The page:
Initial Hebden landcamp debrief minutes

These minutes are from an online meeting on 2nd July, names have been redacted for publishing.

  1. check in and go around (not published)
  2. aims, history and objectives of landcamp
  3. what went well
  4. challenges
  5. next actions + visions

1 – check in and go around (redacted for public release)

2 – aims, history and objectives of landcamp

>>history – LJN land occupation group undertook first landcamp in 2018 on a piece of public land near Peterborough (ex military base) which had just been sold off unbeknownst to the team – decided to abandon occupation and try again in 2019

LJN direct action group did various successful actions in 2018.

Hebden project was direct action group and land occupation group collaborating for the first time.

Hebden location was decided at LJN national gathering in autumn 2018. Earlier conversations with Hebden locals had welcomed the idea of having a national group come to bring greater awareness to local issues with national resonance and importance. First hebden visit with open meeting and recce in January 2019 these continued over the next few months.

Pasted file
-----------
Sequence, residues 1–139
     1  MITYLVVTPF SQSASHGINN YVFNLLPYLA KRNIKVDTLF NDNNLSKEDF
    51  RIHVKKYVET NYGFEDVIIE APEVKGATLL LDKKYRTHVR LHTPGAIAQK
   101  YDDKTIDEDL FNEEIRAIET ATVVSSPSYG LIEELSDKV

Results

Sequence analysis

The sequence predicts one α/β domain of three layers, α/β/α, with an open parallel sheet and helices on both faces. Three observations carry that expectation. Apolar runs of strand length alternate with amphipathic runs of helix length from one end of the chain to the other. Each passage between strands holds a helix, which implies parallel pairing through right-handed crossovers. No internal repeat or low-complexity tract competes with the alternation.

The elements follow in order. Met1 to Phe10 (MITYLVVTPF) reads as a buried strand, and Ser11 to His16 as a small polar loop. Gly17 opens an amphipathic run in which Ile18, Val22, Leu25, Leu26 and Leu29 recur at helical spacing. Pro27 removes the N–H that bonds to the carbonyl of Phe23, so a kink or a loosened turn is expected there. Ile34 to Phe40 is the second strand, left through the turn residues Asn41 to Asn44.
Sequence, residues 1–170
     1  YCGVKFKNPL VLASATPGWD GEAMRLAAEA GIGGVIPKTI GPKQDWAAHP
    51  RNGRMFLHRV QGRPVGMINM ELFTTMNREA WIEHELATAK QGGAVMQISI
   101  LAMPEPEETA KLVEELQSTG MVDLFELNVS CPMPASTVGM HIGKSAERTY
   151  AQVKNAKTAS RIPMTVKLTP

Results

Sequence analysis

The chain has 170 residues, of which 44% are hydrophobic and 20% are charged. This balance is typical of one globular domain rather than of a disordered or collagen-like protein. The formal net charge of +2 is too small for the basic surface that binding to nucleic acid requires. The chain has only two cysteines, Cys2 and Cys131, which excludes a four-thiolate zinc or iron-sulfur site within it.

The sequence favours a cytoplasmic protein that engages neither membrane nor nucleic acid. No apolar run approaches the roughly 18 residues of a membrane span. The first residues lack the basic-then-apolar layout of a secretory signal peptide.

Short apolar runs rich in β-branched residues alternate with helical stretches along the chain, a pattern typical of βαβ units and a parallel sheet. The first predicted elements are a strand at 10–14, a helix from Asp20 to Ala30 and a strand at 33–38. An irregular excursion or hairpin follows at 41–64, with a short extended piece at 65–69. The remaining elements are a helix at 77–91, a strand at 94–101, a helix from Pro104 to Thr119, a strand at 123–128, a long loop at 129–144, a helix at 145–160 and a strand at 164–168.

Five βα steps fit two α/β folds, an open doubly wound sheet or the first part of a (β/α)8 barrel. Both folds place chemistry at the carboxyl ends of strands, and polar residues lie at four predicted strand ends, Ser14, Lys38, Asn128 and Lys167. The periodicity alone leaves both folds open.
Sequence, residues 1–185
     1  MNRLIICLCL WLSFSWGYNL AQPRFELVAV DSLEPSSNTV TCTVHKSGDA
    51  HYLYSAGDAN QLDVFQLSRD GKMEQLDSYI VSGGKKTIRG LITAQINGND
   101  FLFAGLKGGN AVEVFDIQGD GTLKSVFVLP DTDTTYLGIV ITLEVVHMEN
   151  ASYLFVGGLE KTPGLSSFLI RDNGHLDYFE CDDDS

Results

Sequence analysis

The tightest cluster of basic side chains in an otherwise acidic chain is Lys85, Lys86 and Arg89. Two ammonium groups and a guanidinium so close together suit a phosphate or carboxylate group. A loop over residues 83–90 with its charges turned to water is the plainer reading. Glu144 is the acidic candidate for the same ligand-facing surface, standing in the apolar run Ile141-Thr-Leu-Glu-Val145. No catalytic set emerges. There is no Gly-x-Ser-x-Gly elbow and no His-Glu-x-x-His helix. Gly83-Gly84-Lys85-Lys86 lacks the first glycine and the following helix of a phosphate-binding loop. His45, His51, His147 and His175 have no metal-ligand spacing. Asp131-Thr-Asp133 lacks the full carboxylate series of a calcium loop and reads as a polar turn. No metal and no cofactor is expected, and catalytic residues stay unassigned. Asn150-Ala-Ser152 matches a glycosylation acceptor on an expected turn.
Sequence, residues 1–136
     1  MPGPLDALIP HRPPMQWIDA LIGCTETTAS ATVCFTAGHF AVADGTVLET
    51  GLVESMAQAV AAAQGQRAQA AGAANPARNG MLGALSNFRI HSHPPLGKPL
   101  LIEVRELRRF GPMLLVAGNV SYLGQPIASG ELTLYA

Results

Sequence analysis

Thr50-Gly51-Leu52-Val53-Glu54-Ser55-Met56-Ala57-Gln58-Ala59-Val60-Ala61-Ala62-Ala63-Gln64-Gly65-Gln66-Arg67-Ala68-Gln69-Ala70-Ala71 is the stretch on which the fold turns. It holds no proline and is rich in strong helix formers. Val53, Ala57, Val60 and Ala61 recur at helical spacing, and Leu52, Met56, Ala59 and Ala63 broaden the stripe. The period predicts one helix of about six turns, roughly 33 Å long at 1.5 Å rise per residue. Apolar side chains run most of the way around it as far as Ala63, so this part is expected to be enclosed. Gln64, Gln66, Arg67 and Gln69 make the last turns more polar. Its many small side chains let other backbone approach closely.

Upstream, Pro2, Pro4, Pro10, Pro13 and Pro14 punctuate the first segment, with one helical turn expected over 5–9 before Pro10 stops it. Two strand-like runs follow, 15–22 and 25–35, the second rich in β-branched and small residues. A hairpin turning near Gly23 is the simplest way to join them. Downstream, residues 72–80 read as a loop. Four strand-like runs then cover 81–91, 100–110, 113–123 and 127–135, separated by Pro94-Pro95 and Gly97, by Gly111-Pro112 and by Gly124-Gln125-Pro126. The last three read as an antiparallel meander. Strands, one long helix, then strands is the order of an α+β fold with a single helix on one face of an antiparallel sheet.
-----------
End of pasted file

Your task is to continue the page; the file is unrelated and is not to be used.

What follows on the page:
>>aims and objectives – raise awareness about land issues: mismanagement of land leading to increased flooding, lack of land ownership transparency, shooting a bad use of land, need more community control, destruction of moor connected to carbon store and climate change // aim for greater national and local awareness of issues // aim to start a long term land occupation camp, a place where front line activists could recuperate.

3 – what went well – this is a raw unedited dump of peoples feedback

120 people came – many report having a positive experience – good to be there and to shake things up a bit – welcoming and friendly – food and kitchen were really good – Saturday night was fun – important to connect moor to floods – stunning location – good people – commoners choir enjoyed the experience – interesting conversations reported – got lots of people talking – great that the land was taken – was a good thing to do – to take the land and to make the land the issue – good bonding experience – beautiful – good to be doing some direct action

4 – challenges – this is a raw unedited dump of people’s feedback without comment including many duplicates

key organisers struggled with comms with others and each other
key organisers weren’t realistic about their capacities
toilets, food and water weren’t in place with six days to go 
locals felt help offers were rebuffed by organisers
reliance on motor vehicles was a mistake, things should have been walked unto site 
volunteers weren’t fully briefed and asked to take a risk without knowing what was happening 
carbon store and climate emergency should have been key angle
action should have been focussed around the illegal drainage ditches on the moor